HC Deb 09 March 1944 vol 397 cc2200-3
Mr. Arthur Greenwood

Might I ask the Leader of the House to state the Business for the next series of Sittings?

The Secretary of State for Foreiģn Affairs (Mr. Eden)

The Business for the next series of Sitting Days will be as follows:

First Sitting Day (2nd Allotted Supply Day)—Report stage of the Air, Army and Navy Estimates, and of outstanding Civil Supplementary Estimates. Committee and remaining stages of the India (Attachment of States) Bill [Lords] and, if there is time, Second Reading of the Police and Firemen (War Service) Bill.

Second Sitting Day (3rd Allotted Supply Day)—Report stage of the Civil and Revenue Departments Vote on Account. A Debate on Housing will take place. As a Debate on this subject in Supply will be limited, I suggest that we should take the Report stage of the Vote on Account formally, and then consider a Motion on Housing which the Government will table.

Third and Fourth Sitting Days—A Debate will take place on a Government Motion relating to the National Health Service.

It may be for the convenience of the House if I tell hon. Members now that we are in process of sending out invitations for the informal discussion about Services pay and allowances, and it is the intention of the Government that my right hon. Friend the Lord President, my right hon. Friend the Chancellor of the Exchequer, and myself should meet the hon. Members concerned, and we hope that it will be possible to do so in the course of the next series of Sittings.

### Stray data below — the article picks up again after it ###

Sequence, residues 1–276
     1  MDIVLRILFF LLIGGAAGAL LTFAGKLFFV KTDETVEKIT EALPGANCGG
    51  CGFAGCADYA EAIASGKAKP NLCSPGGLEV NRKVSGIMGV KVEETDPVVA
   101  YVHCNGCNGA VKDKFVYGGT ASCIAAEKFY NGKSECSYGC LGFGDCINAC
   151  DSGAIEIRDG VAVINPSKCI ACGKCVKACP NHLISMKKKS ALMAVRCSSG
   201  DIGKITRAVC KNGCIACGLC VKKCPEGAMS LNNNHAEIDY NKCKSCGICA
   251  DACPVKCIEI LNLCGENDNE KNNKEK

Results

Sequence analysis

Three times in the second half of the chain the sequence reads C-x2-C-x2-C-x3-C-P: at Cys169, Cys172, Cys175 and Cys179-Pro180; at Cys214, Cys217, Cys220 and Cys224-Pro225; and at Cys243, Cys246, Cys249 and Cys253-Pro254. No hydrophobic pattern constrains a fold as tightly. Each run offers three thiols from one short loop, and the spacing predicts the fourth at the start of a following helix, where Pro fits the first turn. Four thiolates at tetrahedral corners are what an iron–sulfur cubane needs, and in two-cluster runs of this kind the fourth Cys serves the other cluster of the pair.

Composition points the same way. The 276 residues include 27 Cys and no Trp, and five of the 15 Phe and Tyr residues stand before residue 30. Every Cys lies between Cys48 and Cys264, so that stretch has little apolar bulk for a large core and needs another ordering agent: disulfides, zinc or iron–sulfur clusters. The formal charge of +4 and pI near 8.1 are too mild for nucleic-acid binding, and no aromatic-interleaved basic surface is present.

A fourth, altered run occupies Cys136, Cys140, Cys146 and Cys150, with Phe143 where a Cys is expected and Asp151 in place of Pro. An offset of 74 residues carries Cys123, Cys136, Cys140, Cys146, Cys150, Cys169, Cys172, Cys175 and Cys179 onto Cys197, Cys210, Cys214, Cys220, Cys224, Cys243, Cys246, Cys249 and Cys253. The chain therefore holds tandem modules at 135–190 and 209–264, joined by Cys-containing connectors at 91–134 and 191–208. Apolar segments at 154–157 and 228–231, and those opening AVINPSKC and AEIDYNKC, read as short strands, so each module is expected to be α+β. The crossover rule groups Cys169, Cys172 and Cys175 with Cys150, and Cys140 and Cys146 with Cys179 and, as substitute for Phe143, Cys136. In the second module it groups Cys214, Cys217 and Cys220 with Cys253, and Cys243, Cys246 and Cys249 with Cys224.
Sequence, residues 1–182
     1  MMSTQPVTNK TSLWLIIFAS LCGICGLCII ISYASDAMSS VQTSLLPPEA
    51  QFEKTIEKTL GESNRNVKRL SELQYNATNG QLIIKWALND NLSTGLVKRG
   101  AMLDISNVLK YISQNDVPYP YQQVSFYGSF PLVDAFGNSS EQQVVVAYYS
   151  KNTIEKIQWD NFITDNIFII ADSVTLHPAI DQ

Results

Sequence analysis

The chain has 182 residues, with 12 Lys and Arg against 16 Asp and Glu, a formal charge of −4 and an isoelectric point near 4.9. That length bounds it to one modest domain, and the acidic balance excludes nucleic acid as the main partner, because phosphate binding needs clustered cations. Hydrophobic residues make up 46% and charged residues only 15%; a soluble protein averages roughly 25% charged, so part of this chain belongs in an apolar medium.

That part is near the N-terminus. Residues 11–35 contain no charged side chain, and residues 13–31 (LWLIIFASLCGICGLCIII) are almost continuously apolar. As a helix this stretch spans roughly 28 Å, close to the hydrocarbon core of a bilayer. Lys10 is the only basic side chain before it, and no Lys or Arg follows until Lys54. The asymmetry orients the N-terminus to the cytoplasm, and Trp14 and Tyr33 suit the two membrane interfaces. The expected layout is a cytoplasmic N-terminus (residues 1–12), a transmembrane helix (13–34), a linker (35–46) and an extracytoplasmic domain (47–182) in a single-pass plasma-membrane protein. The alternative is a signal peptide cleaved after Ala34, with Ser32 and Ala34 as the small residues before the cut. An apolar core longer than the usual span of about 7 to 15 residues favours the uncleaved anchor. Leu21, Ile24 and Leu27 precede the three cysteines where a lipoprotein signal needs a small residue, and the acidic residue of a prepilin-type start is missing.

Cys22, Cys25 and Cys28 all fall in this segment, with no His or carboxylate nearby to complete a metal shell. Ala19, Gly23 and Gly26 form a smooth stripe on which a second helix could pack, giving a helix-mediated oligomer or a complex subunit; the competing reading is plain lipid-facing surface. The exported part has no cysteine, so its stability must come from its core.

Mr. Greenwood

Can my right hon. Friend inform the House of the terms of the Housing Motion for the Debate on the Second Sitting Day?

Mr. Eden

I will put it on the Paper. I have not got it actually ready now, but the object in my mind is to allow the Debate to range widely on the legislation proposed, which is what hon. Members have asked for.

Mr. Erskine-Hill

In view of the undesirability of the House being committed in advance by the Government either on housing or on any other question, would the Leader of the House arrange for a Debate as soon as possible on the question of delegated legislation?

Mr. Eden

I cannot give an undertaking to do that before Easter. I do not know why my hon. and learned Friend should say "committed in advance" in respect of housing. I should have thought that it was plain to everybody that the course the Government suggested was to give every possible opportunity to express opinions before legislation is decided.

Mr. Erskine-Hill

Is my right hon. Friend aware that a speech was recently made which appeared to commit the Government to a certain extent?

Mr. Shinwell

May I ask whether, in view of the situation in the coalfields, the right hon. Gentleman will consider putting down the Vote for the Ministry of Fuel and Power and allow the House to discuss the matter?

Mr. Eden

I would have to consider that very carefully. It is not a subject upon which I would like to give an answer without careful consideration.

Mr. Thorne

May I ask the Leader of the House whether he will, at the earliest opportunity, make a statement with regard to the Finland and Russian discussions which are now going on?

Mr. Eden

When we have information to give, we will gladly give it, but my hon. Friend will realise that that is a matter with which others are concerned besides ourselves.